Birds that play ‘chicken’ on roads, are attracted by fire and have long, trailing feathers? Abré J Steyn introduces the intriguing nightjars.
A fire was raging through the woodland, some distance from the pot-holed road which we were trying to slowly negotiate in the night. We were in northeastern Zambia, not far from the equator, making our laborious way to Lake Tanganyika. Then, through the smoke ahead, a bright red eye suddenly reflected back at us. We saw another and then some more, until the whole bush was alive with them. My first thought was that it was a herd of antelope, fleeing from the fire.
But when one of them shot straight up into the sky I realised it was a nightjar, attracted to the fire. We got closer, an unforgettable thing happened – in the bright, wide spotlights of my Land Cruiser four male pennant-winged nightjars performed the most beautiful aerial ballet in a visual melody of movement. The males of these dove-sized birds have unbelievably long and flexible, pennant-like feathers in the middle of their wings, which undulate rhythmically behind them in flight. It was only the second time I’d ever seen pennant-wings. Although they were attracted by the fire, we’d probably encountered a migrating flock, because those nightjars were only a few of the more than 50 we saw that night.
Flying slowly ahead of us, some stayed in the beam of our headlights for up to 10km at a time, swooping onto insects that we flushed, while we enjoyed one of the most spectacular displays in the natural world.
Unfortunately nightjars often sit on open spaces like roads, depending solely on their amazing camouflage until the last possible moment, before flying up. With fast-moving vehicles, this is usually fatal – the remains of 13 nightjars were once removed from an overheated truck at Kariba, blocking the airflow to the radiator.
Unlike other birds, nightjars have totally disappeared from areas with major roads or heavy traffic and there’s widespread concern among ornithologists about their general decline. Like the ever-decreasing bat population, they play a vital role in controlling nocturnal insects. Up to 500 mosquitoes have been found in a single nightjar’s stomach.
To equip them for this role, nightjars are marvellously adapted. Like swifts, they’re designed to catch flying insects on the wing, but unlike swifts, they must do it in the dark. Just imagine how acute their eyesight must be to see insects as small as mosquitoes in the dark. Their big eyes also have exceptional light-gathering ability.
A nightjar feeds exclusively on insects. Despite its very small bill, its enormous gape, together with the stiff bristles around its mouth, turns it into a highly effective insect trap. This enables the nightjar to consume the tiniest of midges and catch the largest beetles and moths.
To clear moth scales out of the nightjar’s mouth bristles, its middle toenail is a comb – it has peculiar saw-like notches on the underside. The nightjars’ typical moth-like flight is highly manoeuvrable and totally silent, due to their extremely soft plumage. While they have long wings, they’re capable of considerable speed and many species undertake extremely long nocturnal flights.
Nightjars and their relatives belong to the Caprimulgiformes, or “goatsuckers”, as these nocturnal birds were called by the Romans, who believed they suckled at night from goats. Without a doubt, they have the most effective camouflage of all birds.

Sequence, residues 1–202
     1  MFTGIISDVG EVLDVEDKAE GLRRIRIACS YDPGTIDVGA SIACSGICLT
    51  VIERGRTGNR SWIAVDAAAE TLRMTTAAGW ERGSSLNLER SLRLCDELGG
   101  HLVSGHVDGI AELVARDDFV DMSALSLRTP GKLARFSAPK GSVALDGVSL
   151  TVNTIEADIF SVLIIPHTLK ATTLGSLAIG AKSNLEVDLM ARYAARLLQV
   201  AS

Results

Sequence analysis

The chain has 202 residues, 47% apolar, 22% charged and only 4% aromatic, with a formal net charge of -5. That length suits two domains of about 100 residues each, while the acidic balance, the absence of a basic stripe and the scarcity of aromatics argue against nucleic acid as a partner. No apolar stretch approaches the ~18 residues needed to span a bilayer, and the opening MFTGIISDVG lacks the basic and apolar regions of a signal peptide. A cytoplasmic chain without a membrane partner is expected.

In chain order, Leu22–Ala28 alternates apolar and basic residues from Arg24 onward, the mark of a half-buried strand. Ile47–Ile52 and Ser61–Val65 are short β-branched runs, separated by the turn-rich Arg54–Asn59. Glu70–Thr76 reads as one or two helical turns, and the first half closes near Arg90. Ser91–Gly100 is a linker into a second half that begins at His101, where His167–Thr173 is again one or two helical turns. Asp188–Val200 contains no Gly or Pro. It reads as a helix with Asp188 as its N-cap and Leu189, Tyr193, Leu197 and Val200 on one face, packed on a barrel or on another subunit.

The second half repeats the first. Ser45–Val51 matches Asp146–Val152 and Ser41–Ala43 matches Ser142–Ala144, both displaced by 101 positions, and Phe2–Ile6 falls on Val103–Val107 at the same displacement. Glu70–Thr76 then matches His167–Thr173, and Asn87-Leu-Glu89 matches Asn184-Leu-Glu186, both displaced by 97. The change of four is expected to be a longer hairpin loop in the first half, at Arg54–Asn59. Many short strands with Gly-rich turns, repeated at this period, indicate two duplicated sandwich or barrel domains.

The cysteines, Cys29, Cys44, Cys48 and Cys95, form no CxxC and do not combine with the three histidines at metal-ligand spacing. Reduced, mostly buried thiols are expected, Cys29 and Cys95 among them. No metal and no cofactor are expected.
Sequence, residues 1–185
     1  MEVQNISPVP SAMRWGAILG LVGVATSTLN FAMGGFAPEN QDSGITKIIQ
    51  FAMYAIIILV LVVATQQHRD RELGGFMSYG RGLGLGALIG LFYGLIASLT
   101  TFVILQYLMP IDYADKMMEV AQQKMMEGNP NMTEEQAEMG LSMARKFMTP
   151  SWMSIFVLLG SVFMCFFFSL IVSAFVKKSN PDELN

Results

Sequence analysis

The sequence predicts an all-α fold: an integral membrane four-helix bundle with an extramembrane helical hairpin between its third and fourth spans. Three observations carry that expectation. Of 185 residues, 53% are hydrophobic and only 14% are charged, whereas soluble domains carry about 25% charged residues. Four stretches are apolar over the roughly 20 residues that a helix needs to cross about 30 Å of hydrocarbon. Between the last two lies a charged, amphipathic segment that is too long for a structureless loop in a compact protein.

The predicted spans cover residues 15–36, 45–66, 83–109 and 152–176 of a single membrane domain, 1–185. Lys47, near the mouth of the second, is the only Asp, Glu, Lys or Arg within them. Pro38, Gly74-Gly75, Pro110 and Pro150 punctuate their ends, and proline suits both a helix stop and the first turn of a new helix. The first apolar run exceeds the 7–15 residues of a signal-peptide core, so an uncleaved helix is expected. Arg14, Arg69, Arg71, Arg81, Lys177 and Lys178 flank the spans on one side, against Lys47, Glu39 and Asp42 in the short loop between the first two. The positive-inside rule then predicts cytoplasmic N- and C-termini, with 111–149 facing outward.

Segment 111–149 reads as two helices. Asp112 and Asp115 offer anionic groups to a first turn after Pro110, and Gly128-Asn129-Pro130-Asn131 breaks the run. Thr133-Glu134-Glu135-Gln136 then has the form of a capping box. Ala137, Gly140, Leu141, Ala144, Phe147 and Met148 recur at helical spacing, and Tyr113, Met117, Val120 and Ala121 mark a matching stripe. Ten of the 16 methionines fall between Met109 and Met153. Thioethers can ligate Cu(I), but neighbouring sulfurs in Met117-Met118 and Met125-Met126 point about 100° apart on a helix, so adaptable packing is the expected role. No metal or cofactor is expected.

Nightjars nest and generally rest during the day on the ground, usually among leaf-litter or on rocks, where their camouflage makes them virtually invisible as long as they keep their enormous eyes reduced to tiny slits, through which they quietly watch everything around them.
The very similar and closely related frogmouths of Australia and potoos of South America spend the day sitting motionless against a near vertical branch or trunk and with their necks stiff and held at an angle, looking exactly like broken-off stumps.
The most remarkable member in this group however, is the oilbird. Although it’s a fruit-eater, it’s the only bird in the world which, like bats, uses echolocation to navigate in the total darkness of caves up to 1,5km deep into the South American Andes, where it roosts and breeds communally.
In former times, their numbers were heavily depleted when their fat chicks were harvested by the thousand and boiled into cooking oil or to fuel oil lamps.
Although protected now, they’re still at risk due to the destruction of their forest habitat. Of the more than 70 nightjar species occurring almost worldwide, 24 live in Africa, but unfortunately only seven are found in South Africa and of these, the Natal nightjar is the most rare. Africa’s pennant-winged nightjar, together with the Central African standard-winged nightjar, must undoubtedly rank as the most spectacular nightjars in the world.
Vocal and melodious
Unlike the well-behaved children of past generations, nightjars are more often heard than seen. Some can be very vocal during clear nights in the breeding season, like the Mozambique and rufous-cheeked nightjars with their somewhat monotonous frog-like calls, and the fiery-necked nightjars. When it’s overcast, they’re usually silent.
To me, the melodious “good-Lord-deliver-us” call of the fiery-necked nightjar is one of the most beautiful night sounds of the bushveld. Whenever I hear it, it soothes my soul and carries my spirit on silent wings to a little campfire under a moonlit sky somewhere in the African bush, where voices that speak to me are just whispers from among the stars. Contact Abré J Steyn on 083 235 4822 or e-mail [email protected] |fw